Skip to content

Writing From Within History

May 18, 2008

One of the most prolific authors of the 20th century, Louis L’Amour, never changed the historical facts when he wrote stories and novels. That is an amazing statement, considering he wrote nearly 100 books plus many hundreds of short stories during his magnificent 40-year career as an author. It is also amazing when you consider he wrote primarily about the Wild West and Westward Expansion, areas in which the actual history seems to be re-written, revised, invented, distorted and changed on a monthly basis.

But L’Amour never bit on the tempting apple of rewriting history. He simply populated recorded western history with his characters and magnificent stories. As he wrote in his wonderful memoir, Education Of A Wandering Man, “Everywhere I look, there are people. With every person comes countless stories. That should be enough.” While it presented a greater challenge, it also enabled him to focus his prodigious storytelling skills on the people who explored, settled and battled for the west. Hundreds of millions of book sales later, it’s safe to say that L’Amour blazed a path for all writers who use history in their works.

Today, let’s try writing from within history. Take an historical event about which you want to write. Try to focus on a specific time, or moment, for which you have well-detailed research or knowledge. While changing none of those historical details, write a story. Have your character(s) move in and out of the setting, create conflict and resolution, and show us how they relate to their surroundings and the event in which you’ve placed them. Be sure that your identifying characteristics of the time — language, dress, transportation, means of communication, hairstyles, architecture —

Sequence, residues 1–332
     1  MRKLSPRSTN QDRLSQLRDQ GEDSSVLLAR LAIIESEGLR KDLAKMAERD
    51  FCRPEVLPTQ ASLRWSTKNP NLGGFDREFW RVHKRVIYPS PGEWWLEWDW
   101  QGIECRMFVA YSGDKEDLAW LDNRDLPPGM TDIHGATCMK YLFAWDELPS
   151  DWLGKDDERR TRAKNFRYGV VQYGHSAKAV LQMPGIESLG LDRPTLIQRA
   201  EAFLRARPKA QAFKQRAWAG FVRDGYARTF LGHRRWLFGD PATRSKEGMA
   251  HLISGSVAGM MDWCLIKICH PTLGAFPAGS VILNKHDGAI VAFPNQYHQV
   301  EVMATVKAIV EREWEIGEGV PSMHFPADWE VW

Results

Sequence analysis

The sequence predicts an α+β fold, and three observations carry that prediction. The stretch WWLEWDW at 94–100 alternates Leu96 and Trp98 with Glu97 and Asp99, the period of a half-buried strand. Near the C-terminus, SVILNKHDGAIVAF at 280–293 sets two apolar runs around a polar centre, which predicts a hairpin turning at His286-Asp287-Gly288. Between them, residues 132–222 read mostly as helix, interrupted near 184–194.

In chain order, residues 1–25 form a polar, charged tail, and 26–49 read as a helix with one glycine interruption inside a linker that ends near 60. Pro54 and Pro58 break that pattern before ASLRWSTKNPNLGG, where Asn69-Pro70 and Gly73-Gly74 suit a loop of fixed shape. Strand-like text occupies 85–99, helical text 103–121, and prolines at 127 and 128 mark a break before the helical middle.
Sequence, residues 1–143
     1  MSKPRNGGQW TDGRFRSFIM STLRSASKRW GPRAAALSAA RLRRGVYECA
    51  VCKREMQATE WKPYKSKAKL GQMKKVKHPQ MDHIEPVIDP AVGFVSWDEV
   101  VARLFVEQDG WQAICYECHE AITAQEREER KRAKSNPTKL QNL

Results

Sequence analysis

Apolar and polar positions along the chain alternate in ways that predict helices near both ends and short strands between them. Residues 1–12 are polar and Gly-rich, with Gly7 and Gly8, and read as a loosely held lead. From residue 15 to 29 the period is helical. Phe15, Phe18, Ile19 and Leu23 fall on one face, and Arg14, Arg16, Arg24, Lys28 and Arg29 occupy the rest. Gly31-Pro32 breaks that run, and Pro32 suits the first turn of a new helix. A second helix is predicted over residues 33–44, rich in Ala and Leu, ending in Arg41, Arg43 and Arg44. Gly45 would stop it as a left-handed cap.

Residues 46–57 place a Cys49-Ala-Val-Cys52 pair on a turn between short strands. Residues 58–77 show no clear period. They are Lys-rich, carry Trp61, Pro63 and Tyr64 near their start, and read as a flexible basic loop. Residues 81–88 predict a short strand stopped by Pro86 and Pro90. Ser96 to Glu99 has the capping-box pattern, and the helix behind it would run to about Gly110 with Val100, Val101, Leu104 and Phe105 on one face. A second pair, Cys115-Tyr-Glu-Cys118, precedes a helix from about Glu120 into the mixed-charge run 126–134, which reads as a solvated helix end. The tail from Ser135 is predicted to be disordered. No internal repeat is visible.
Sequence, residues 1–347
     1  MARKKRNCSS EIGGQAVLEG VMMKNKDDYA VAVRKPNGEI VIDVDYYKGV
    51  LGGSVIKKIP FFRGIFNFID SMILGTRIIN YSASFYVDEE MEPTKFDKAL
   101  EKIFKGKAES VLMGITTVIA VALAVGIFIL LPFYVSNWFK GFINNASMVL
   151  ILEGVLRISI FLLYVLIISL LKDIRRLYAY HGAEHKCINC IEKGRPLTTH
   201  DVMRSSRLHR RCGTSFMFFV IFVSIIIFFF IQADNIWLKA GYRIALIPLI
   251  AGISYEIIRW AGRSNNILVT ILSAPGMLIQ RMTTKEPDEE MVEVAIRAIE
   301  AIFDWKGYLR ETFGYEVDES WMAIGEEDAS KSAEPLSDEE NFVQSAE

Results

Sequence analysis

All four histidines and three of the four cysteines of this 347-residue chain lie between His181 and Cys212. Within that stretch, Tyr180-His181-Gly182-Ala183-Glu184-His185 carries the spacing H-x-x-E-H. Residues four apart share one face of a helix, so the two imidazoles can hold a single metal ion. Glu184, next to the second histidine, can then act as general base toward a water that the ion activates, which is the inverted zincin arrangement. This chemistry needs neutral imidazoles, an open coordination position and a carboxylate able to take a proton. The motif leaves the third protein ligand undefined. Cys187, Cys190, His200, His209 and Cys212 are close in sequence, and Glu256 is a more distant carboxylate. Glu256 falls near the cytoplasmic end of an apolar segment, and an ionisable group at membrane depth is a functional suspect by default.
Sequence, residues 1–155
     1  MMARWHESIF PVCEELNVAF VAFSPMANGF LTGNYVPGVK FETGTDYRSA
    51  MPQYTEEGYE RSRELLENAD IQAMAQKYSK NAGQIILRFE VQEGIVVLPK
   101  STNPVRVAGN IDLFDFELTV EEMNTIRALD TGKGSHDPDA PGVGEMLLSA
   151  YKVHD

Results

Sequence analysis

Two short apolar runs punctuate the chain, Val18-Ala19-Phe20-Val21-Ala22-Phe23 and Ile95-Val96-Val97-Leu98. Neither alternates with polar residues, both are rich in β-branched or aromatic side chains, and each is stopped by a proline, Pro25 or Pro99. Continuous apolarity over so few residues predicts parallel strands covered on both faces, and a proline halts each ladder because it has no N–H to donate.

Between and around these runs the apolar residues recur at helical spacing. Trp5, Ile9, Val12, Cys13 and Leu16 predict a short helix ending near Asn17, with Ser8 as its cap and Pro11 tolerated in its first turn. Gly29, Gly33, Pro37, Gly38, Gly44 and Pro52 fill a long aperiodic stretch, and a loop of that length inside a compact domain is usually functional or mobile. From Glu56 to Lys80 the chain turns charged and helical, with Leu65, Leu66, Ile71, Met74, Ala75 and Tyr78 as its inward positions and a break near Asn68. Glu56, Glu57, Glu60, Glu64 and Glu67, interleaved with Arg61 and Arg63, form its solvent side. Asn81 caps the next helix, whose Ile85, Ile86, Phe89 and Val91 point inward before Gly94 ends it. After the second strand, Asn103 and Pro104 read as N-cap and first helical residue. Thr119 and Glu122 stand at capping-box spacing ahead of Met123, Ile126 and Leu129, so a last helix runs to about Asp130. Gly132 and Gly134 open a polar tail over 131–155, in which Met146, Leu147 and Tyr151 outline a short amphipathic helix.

are accurate. Do not deviate, not even on a single detail. When you write, see if you can feel the period in which you’re writing. If you can, be sure your characters do as well. 

This is a tremendously valuable exercise for historical writing. Keep practicing until you can write seamless historical fiction without changing or embellishing the known facts. And share with us a part of your story; post it!

For more on The Write Time

Advertisements
Leave a Comment

Leave a Reply

Fill in your details below or click an icon to log in:

WordPress.com Logo

You are commenting using your WordPress.com account. Log Out / Change )

Twitter picture

You are commenting using your Twitter account. Log Out / Change )

Facebook photo

You are commenting using your Facebook account. Log Out / Change )

Google+ photo

You are commenting using your Google+ account. Log Out / Change )

Connecting to %s

%d bloggers like this: